Thursday, May 18, 2017
SABC, 'limping from day to day', owes artists millions of rand in unpaid royalties; blames its financial crisis for its failure to pay.
The SABC owes singers and musicians millions of rand in unpaid royalties and more millions in residuals to actors, with the struggling public broadcaster on the brink of financial collapse, blaming its severe money woes for its failure to pay.
The SABC on Wednesday told parliament's Standing Committee on Public Accounts (Scopa) that the SABC "is behind with royalty payments" and owes artists at least R75.4 million.
The SABC owes the Southern African Music Rights Organisation (Samro) R14.5 million, the SA Music Performance Rights Association (Sampra) R52.7 million, the Association of Independent Record Companies (ARIC) R2.8 million, the Composers Authors and Publishers Association (Capasso) R3 million and the Recording Industry of South Africa (Risa) R2.4 million.
The SABC didn't provide any numbers for the outstanding millions it owes actors and writers for residuals for the rebroadcasts and repeats of TV shows like Sgudi 'Snaysi on SABC1 and the library shows broadcast on its SABC Encore channel on MultiChoice's DStv satellite pay-TV platform.
The SABC told parliament that the last time it paid any royalties to artists was in December 2016 but didn't specify an amount, and blames the public broadcaster's cash-strapped status.
The SABC also failed to pay all artists, winners and contributors for the 2017 Metro FM Awards held months ago.
Bessie Tugwana, acting COO, blamed the SABC's non-payment of artists on a "struggle to get verified documentation so we could pay" and the SABC's "cash-flow problem". She told parliament that everyone will be paid at the end of May.
A year ago, in May 2016, SABC spokesperson Kaizer Kganyago announced that the SABC will immediately increase the royalty tariff paid to artists for music content played on the SABC's 18 radio stations and TV channels from 3.2% to 4% - but nothing came of that, with the SABC unable to even pay the 3.2%.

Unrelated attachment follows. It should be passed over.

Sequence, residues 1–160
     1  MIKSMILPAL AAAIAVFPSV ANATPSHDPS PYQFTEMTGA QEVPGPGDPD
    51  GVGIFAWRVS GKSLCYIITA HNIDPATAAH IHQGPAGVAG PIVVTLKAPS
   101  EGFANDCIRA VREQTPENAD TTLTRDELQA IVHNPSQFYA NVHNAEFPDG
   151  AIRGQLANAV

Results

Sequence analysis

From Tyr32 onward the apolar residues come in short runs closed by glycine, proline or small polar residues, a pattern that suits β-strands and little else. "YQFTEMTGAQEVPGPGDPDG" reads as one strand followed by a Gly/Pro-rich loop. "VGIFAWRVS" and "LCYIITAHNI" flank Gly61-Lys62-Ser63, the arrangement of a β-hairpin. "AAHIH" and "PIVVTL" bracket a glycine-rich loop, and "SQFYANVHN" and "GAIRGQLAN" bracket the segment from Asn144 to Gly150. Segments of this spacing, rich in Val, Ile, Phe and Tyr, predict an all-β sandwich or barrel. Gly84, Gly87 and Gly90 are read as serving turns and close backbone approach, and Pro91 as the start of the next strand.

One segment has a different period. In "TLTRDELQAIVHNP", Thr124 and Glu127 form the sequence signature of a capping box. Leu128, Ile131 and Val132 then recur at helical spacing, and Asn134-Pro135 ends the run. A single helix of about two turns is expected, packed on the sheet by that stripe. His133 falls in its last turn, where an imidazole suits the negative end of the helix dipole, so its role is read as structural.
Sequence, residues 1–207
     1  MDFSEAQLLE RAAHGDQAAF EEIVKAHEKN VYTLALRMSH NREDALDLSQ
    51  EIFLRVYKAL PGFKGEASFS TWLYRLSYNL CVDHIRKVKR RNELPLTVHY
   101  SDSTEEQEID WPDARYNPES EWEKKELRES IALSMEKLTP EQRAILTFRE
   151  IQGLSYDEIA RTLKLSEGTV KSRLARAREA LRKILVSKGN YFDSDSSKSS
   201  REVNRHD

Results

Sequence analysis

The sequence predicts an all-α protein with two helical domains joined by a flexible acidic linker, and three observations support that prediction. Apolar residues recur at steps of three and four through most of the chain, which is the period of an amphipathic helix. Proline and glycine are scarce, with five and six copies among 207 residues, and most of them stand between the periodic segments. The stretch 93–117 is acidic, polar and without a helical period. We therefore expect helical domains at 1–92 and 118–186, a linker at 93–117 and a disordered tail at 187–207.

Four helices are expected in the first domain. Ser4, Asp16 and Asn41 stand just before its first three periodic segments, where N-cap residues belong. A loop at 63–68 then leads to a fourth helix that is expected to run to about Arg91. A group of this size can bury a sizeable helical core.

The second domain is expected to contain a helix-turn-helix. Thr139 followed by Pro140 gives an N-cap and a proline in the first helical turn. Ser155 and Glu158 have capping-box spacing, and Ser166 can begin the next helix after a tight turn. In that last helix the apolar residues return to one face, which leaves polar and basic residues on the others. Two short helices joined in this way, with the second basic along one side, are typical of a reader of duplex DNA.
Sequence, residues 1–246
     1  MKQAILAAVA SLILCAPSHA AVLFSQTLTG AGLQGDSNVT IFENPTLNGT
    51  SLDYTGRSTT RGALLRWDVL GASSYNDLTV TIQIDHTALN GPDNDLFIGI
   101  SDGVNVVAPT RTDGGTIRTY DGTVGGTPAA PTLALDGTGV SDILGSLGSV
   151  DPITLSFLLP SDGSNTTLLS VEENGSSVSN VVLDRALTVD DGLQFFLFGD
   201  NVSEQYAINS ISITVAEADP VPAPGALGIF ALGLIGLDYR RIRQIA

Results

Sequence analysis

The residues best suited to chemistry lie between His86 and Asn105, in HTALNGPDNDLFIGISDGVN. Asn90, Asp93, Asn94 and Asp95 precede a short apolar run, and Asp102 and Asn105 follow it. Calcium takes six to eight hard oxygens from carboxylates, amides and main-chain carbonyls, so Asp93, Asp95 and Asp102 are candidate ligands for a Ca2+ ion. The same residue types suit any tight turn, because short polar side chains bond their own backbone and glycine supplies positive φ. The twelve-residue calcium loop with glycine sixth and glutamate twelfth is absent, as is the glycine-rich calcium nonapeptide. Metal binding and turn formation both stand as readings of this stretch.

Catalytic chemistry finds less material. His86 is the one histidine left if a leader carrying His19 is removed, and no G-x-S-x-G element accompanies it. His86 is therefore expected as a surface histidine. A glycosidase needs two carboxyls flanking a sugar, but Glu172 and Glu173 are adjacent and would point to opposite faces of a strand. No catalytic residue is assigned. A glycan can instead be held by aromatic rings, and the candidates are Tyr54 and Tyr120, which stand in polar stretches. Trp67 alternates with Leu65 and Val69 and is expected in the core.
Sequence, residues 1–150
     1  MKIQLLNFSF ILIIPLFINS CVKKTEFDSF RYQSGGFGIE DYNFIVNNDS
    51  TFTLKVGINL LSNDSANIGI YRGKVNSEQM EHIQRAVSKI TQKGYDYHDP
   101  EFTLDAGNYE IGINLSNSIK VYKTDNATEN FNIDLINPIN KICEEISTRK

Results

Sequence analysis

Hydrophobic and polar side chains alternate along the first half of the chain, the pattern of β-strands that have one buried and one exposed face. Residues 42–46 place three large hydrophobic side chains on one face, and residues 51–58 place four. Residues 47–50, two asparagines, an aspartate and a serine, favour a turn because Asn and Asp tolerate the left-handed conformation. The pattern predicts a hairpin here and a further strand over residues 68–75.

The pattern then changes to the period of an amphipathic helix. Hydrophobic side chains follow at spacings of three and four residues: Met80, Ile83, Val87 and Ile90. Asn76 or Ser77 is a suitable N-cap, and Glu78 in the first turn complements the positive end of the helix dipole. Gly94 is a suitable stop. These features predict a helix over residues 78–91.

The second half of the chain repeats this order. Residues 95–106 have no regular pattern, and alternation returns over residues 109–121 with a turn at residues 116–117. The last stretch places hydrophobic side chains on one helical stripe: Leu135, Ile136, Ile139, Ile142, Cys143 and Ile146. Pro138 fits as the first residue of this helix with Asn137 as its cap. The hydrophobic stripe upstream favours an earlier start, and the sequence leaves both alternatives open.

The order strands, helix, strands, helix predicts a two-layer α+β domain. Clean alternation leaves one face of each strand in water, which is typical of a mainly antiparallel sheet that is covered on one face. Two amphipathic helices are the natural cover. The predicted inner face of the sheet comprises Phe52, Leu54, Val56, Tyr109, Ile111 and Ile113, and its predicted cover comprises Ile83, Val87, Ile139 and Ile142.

The SABC referring to its situation as "dire" and saying it's "limping from day to day", told parliament on Wednesday that the "90% local content" decree for local music airplay on radio and "80% local content" on SABC TV ordered by the former chief operating officer (COO) Hlaudi Motsoeneng has destroyed the public broadcaster and is threatening the very existence of the SABC that doesn't have the money to pay for it.
New SABC interim deputy chairperson Mathatha Tshedu revealed that the SABC blew an additional R72 million on new local content to replace other local content no longer deemed suitable, for the 90% local content policy.
"We are looking at taking back detrimental consequences of some decisions. We are looking at the 90% which saw both the television and radio losing millions. It's implementation has to take cognisance of the fact that it mustn't threaten the existence of the SABC itself, which is what it is doing."
The SABC revealed that it wasted another R74 million in TV content it bought but never showed, marked as fruitless and wasteful expenditure.
The SABC, now struggling to pay staff and producers, further spent hundreds of millions of rand on irregular content buying, for instance R63 million in 2016/17 and R240 million in 2015/16.
Already owing them millions of rand in outstanding payments, last week the SABC told South African producers going forward that it only wants to pay them 25% monthly of the money they're due although they're expected to keep delivering 100% of the content the SABC requires to keep its TV channels on the air.
Communications minister Ayanda Dlodlo told parliament that "the dire state of the SABC wasn't brought to us voluntarily by executives. We had to dig".
Ayanda Dlodlo said the SABC's initial bailout request to treasury was inadequate. "It was like putting an Elastoplast on a wound instead of treating the wound".
After getting a bailout in the form of a R1.47 billion government-guaranteed Nedbank loan in 2009 during its previous bailout when the SABC teetered on the brink of collapse eight years ago, it's not yet known what amount in another government-guaranteed loan the SABC is seeking this time in its next bailout.